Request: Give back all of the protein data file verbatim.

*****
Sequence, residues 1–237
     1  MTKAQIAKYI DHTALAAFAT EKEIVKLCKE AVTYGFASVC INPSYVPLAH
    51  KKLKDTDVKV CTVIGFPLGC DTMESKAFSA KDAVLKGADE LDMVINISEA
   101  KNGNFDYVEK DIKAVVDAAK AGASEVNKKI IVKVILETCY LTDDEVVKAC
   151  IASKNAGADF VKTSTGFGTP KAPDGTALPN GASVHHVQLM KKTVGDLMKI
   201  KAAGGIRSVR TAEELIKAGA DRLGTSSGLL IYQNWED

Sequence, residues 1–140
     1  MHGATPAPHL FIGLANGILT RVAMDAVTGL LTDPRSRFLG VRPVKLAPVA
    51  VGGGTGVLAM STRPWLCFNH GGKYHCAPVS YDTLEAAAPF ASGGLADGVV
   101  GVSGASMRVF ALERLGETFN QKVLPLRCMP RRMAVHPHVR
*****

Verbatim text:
Sequence, residues 1–237
     1  MTKAQIAKYI DHTALAAFAT EKEIVKLCKE AVTYGFASVC INPSYVPLAH
    51  KKLKDTDVKV CTVIGFPLGC DTMESKAFSA KDAVLKGADE LDMVINISEA
   101  KNGNFDYVEK DIKAVVDAAK AGASEVNKKI IVKVILETCY LTDDEVVKAC
   151  IASKNAGADF VKTSTGFGTP KAPDGTALPN GASVHHVQLM KKTVGDLMKI
   201  KAAGGIRSVR TAEELIKAGA DRLGTSSGLL IYQNWED

Sequence, residues 1–140
     1  MHGATPAPHL FIGLANGILT RVAMDAVTGL LTDPRSRFLG VRPVKLAPVA
    51  VGGGTGVLAM STRPWLCFNH GGKYHCAPVS YDTLEAAAPF ASGGLADGVV
   101  GVSGASMRVF ALERLGETFN QKVLPLRCMP RRMAVHPHVR